Jason: You just need to be proactive. For instance, in the 2nd year, I wanted to learn more cinematography, so I would go to friends and say: “Do you need a DP for your next movie? See, this is my reel. I’m a nice person. I worked with whom and whom before. We’ll have a great time working together. I’ll be responsible. Are you interested?” If they say yes, you just pull your efforts 120%. Be responsible. Be on time. Prepare. Don’t complain. Just do your best.If you’ve done all that, it’s pretty guaranteed they’ll say good words about you.
Jason and his crew for Robot Vacuum’s Escape, his latest short film
Jia: So in the two years of your USC education, what has been the most helpful course?
Jason: I would say writing and directing classes. A big part of the Chinese films don’t have good stories, so learning how to tell a compelling story is necessary. I learned a lot about the Hollywood way of telling stories. It’s not necessarily the only way to tell stories, but now I can see why some of the movies don’t work. What’s the way to change that. “It’s a form. Not a formula”, as my writing professor Irving Belateche would say.
Jia: What is your latest production?
Jason: It’s called Robot Vacuum’s Escape – a robot vacuum and his appliances friend trick their human owner and a pet cat in order to escape from the house. We know from the very beginning that it is going to be a very different film. We need to come up with creative ways to make it, since the main characters are a robot vacuum, which can only move forward, backward and turn and a cat, which never does what you want.
As a proof of concept, we did a test shoot early on, with a toy cat and a friend’s cat. But while shooting we realized that it would be impossible to pull this off without using a professional acting cat, so we hired a team of 5 similar-looking cats and 2 trainers. Each cat was good at certain type of action. The trainer gave us script notes on whether the cat can do certain actions and we would revise the script accordingly. We kept the camera rolling whenever the cat was present, to make sure we get every bit of action. For the robot vacuum, I operated it myself by remote control, by hand control and fish wire. We did a detailed plan for 2 shooting days, because we needed to do over 150 setups in total. That was a crazy number, but still achievable, due to the nature of our story. We did story board for every shot, blocked the action at the location so that we could move very fast on set.
Jia: Who are your favorite directors?
Jason: Oh, I can pick some of my favorite movies: Life of Pi, Avatar, Inception, Interstellar, Gravity, Batman: The Dark Knight, yeah, I can keep going. Good Sci-Fi, Fantasy movies.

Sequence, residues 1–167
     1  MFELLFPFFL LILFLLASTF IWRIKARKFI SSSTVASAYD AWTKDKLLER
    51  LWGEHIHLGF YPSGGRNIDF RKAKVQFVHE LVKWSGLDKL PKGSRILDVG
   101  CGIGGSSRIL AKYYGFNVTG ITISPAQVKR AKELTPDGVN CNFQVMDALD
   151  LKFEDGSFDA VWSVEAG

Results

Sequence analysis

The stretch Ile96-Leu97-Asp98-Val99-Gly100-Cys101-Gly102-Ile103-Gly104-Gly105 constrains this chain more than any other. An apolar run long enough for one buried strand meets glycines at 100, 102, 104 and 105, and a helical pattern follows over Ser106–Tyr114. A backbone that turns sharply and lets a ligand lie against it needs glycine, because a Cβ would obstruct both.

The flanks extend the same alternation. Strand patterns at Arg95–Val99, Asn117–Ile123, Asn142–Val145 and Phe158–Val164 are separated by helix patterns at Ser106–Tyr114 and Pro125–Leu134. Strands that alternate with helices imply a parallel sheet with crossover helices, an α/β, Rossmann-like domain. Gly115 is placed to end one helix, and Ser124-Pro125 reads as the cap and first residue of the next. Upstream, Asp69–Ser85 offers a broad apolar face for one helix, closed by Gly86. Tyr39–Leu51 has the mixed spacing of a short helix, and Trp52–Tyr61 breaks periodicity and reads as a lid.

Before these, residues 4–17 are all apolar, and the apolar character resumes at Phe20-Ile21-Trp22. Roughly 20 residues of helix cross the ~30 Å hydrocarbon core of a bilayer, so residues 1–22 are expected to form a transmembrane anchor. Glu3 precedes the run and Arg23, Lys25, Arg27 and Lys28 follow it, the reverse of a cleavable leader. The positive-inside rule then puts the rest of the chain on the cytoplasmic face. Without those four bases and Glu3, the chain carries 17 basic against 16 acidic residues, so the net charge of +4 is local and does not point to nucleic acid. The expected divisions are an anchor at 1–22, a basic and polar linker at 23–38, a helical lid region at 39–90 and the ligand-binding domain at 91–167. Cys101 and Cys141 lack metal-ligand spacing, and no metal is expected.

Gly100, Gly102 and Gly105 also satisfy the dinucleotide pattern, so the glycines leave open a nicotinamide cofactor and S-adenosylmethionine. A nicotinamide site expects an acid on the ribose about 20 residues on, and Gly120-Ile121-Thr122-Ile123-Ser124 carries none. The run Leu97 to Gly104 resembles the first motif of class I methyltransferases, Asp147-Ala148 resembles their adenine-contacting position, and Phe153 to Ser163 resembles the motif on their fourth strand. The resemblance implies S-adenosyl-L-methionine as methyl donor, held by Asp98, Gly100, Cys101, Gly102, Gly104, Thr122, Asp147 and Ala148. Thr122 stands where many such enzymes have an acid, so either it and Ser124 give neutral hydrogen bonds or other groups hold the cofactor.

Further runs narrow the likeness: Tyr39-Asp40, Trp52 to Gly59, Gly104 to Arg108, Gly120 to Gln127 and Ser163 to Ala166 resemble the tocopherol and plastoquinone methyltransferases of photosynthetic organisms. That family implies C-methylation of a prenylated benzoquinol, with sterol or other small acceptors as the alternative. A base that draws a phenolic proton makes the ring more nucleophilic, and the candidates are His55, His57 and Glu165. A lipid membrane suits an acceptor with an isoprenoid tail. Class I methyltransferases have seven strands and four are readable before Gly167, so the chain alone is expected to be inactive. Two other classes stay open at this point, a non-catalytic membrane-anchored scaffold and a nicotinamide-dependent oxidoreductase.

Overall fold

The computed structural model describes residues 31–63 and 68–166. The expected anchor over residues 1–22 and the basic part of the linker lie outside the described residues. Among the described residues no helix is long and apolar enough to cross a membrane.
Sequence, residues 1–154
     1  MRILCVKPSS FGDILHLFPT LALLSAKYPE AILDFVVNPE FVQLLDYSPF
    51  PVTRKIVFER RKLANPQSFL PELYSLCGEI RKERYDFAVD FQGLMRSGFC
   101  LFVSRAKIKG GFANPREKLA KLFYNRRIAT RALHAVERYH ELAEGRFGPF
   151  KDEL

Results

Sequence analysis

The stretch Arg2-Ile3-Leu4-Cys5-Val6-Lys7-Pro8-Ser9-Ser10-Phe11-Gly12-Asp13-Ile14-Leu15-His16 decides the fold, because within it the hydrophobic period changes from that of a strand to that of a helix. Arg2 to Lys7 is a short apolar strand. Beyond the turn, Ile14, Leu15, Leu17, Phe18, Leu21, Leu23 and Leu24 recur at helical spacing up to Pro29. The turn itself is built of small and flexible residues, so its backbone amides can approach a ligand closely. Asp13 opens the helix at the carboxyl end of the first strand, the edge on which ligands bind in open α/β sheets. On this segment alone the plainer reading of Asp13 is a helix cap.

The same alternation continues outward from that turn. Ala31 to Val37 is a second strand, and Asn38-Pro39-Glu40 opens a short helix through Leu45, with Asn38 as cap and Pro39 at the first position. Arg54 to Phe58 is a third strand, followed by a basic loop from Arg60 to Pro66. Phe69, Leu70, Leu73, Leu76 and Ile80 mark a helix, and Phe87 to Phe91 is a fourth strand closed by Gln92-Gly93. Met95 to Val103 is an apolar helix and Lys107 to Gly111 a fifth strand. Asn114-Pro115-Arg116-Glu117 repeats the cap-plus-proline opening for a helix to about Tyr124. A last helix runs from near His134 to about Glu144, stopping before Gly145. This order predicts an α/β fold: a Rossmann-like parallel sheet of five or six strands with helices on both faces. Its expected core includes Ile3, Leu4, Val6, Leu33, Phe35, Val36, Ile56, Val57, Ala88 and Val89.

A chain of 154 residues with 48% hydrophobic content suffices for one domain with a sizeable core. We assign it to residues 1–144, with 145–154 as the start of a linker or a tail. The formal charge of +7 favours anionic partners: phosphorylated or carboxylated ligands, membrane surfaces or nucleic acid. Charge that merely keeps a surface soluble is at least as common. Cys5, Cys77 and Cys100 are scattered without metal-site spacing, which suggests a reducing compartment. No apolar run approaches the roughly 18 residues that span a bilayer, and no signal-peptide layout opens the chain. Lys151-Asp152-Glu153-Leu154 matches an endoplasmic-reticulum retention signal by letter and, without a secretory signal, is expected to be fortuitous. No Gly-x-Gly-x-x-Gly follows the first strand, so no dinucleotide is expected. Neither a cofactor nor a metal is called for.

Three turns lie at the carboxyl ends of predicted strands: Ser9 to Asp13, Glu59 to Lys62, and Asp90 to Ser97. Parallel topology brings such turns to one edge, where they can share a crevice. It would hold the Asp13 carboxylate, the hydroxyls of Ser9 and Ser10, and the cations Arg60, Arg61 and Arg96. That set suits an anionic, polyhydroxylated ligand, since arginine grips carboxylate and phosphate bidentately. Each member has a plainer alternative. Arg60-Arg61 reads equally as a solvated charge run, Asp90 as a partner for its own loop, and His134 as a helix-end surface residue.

Jia: Is it your plan to work with these directors?
Jason: Well, right now I want to be one of them. By starting working with them.
Jia: Let’s talk about the short films you made.
Jason: Yeah. In USC, I made 4 or 5 short films and got in a few short film festivals. In a 2nd semester class, we were assigned into random groups of three. You can’t imagine how much drama those groups had. There were maybe 1 out of 13 groups that got along pretty well, but other than that, each had its own problems. But I think it was a great learning experience. The class lasted for one semester, so you were basically married to these 2 people for 3 and half months. We needed to make 3 movies, and there were 3 roles to rotate: DP, director and producer.
Jia: What do you think of the Chinese film market? Do you care, or do you have time to follow the situation back home?
Jason: Yeah, I care about it a lot. I’m from this market and I have to. There are a lot of opportunities. Most of my classmates decide to come back after graduation. It’s just easy for us to be a director, a DP or a screenwriter here. We are making a lot of films. We need better and more movies. That’s where the opportunities lie. About the recent “crisis”, in the short term, people will make less films; but in the long run, filmmakers will make better use of the resources. Right now, more than ever, you need to have good movies to make it work. It’s not a bad thing.
Jia: You studied one year in USC and took a year off to work and then went back to study for another year. This is your second gap year before you continue in USC. I think this is so much better than just graduating within one shot!
Jason: Right. I have this great opportunity for me to be on set this time. The film has not been announced yet, so I can’t tell you which one it is. But it’s a pretty big production. I saw Dying to Surive the other day. I really enjoyed it. The story is really compelling. It’s a movie that has such a huge social impact that it goes beyond the scope of movie. I really respect that. It has the ability and braveness to tell such a story.
Jia: Do you worry about the censorship?
Jason: You are in a certain environment that you need to respect a certain rules, right? After all, I still love to live in China: the food, WeChat pay, Taobao… Since you have an environment you are going to work in, you need to make the best you can under such circumstances. If you can change it, it’s great. If not, I don’t it should stop you from making good movies. Instead of complaining about everything, how about do what you can? A lot of people would say they could make great movies if there’s no censorship. I’d say: Really? Make a good movie first! It’s always hard to make great movies.